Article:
Sparkling Ribolla Gialla from I Clivi: lightening-like acidity!
“Un colpo di fulmine” translates to “a bolt of lightening”. That’s exactly what the electrifying white wines of I Clivi bring to mind. I had the great fortune to meet up with Mario Zanusso, proprietor of I Clivi, yesterday at Républiquein Los Angeles. What a beautiful backdrop for tasting these gorgeous wines!
I Clivi Fan Club: Dan Pirelli, Andrea Scuto, Oliver McCrum,Mario Zanusso, Alex Tugurian & Taylor Parsons @republiqueLA
The wines are magic. Natural in the most common-sense kind of way. Why would you mess around with chemicals and wood when you live in the perfect place to grow indigenous grapes like Ribolla, Friulano and Verduzzo? Nature gives them everything they need to create inspiring and balanced wines without really any technology. No filtering, no barrels, no added yeasts or enzymes. What do they put in the bottles? Pure grape juice, spilling over with terroir.
I Clivi’s vineyards are situated on the water-facing slopes of the first range of hills rising from the south across the D.O.C. “Collio” and the D.O.C. “Colli Orientali del Friuli” districts, on the northeastern rim of the Adriatic Sea. Friuli at its finest!
The vineyards cover only 12 hectares. Soil composition is a mixture of limestone, clay and sandstone. A small piece of grape-growing heaven.
Friulano “San Pietro”
The Friulano from the “San Pietro area is appropriately named. Although San Pietro could be translated to “St. Peter”, it also recalls that “Pietro” comes from “pietra” or “stone”. Stony is definitely an appropriate descriptor for this crispy, mineral white wine. The finish goes on forever, punctuated by acidity that jumps around in your mouth- begging for some prosciutto or a bit of cheese.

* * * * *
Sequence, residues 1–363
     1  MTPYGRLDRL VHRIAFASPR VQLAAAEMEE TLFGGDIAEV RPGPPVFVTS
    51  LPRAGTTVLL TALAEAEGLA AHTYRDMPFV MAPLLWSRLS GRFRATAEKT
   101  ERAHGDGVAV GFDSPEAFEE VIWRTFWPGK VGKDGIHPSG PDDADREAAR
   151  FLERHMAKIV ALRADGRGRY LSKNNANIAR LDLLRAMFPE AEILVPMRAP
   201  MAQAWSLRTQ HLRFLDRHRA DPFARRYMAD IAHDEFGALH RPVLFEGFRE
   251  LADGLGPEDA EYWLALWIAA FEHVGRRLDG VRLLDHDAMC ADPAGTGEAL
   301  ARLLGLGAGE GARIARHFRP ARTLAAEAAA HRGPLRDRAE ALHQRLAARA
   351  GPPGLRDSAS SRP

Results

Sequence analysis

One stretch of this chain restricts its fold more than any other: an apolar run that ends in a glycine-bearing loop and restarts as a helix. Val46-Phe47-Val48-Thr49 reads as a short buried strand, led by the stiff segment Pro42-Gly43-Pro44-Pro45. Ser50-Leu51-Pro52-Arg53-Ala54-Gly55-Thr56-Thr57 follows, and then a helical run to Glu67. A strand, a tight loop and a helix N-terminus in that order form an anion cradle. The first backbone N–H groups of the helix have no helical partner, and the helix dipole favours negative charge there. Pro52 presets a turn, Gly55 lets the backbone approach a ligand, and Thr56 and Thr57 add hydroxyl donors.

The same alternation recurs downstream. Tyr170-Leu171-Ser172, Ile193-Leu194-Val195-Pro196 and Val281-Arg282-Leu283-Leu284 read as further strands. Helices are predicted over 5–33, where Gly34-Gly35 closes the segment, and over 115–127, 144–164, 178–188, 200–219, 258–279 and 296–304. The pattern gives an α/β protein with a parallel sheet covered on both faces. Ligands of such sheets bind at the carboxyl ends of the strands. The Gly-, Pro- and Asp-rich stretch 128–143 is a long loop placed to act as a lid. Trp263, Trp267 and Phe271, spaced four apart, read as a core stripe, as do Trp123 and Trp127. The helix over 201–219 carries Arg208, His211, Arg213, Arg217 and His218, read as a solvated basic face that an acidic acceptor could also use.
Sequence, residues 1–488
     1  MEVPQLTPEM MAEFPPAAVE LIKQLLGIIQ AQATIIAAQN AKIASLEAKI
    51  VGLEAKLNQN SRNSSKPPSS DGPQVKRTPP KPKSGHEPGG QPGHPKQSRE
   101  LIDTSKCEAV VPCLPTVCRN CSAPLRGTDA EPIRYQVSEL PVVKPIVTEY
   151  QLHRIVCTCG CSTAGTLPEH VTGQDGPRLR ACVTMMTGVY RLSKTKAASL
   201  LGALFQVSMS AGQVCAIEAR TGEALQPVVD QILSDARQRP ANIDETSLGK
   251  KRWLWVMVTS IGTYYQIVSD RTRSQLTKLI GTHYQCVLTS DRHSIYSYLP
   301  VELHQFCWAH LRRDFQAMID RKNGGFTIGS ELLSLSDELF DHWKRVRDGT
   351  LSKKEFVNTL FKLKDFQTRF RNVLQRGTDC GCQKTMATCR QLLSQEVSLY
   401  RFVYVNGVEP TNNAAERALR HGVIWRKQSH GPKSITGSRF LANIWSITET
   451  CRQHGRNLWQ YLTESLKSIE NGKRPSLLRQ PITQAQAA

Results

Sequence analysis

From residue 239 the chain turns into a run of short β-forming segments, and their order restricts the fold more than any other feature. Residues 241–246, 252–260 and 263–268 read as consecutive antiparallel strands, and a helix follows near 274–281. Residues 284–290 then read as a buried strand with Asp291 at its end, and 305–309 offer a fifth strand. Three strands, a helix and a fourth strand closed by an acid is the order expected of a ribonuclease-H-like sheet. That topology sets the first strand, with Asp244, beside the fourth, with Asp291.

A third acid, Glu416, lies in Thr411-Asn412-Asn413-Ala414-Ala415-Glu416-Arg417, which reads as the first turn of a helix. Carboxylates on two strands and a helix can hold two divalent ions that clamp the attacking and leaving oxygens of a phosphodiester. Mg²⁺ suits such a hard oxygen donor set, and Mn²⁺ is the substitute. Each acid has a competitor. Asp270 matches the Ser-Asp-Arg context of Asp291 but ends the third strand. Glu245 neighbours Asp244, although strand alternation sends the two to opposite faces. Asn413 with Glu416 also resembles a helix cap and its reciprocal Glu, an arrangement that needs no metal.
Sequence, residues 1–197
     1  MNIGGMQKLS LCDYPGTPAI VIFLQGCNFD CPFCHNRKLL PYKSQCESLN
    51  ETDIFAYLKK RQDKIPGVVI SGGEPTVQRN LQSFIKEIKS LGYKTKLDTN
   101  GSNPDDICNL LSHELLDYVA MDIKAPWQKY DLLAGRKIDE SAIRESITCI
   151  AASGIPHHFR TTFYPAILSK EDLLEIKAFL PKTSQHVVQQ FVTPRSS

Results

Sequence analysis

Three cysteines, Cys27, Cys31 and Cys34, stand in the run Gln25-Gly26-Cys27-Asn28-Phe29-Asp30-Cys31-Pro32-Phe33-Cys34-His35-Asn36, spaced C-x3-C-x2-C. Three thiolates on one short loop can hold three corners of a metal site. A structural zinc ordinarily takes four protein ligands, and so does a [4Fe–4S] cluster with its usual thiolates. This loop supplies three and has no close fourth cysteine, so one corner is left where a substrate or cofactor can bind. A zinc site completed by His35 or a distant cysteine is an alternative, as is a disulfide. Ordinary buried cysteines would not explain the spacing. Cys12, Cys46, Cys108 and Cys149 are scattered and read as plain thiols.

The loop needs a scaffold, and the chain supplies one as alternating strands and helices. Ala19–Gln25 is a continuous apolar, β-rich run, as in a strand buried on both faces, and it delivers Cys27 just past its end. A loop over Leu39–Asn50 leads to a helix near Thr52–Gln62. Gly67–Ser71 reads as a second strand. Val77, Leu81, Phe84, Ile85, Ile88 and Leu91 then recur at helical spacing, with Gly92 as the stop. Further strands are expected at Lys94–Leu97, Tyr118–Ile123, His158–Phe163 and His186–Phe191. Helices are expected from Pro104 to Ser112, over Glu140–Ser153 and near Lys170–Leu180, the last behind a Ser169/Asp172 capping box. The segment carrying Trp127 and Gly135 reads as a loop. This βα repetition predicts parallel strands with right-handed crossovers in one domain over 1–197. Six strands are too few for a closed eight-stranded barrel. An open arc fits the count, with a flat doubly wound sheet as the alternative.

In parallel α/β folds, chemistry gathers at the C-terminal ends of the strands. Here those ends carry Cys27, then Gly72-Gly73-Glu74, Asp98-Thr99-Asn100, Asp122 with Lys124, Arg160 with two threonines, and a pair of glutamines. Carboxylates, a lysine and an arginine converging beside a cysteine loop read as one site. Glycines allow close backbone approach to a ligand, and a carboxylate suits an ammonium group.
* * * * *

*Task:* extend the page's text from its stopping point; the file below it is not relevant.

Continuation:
Verduzzo, another rare and unknown grape, makes a wildly aromatic appearance here. If you see this wine, buy it. An example of Friuli’s wild side- herbaceous and showy on the nose with a spinal cord of of pure minerality running up the back.
These are wines that inspire conversations around tradition, local foods and recipes, terroir, geography and soil composition. This place must be so special, so unique, so singular. You can taste it! How else do you find this kind of layered elegance and impressive acidity into a bottle of wine? The answer is always: the land, and its people.
My clear favorite in the lineup was a special bottling of Friulano from the Brazanvineyards. The grapes were harvested in 2001, and the wine has spent almost the last 12 years sitting under its own lees, waiting patiently for this moment to shine. Complex and beguiling. This wine is an unsuspectingly beautiful woman, kind of like the Mona Lisa. You can’t stop staring at her face, wondering what is it exactly that continues to captivate. You can’t keep your nose out of the glass. Mineral, preserved lemons, wet grass, forest floor: a rush of aromatic sensations that end with a sigh of pure pleasure when you actually taste.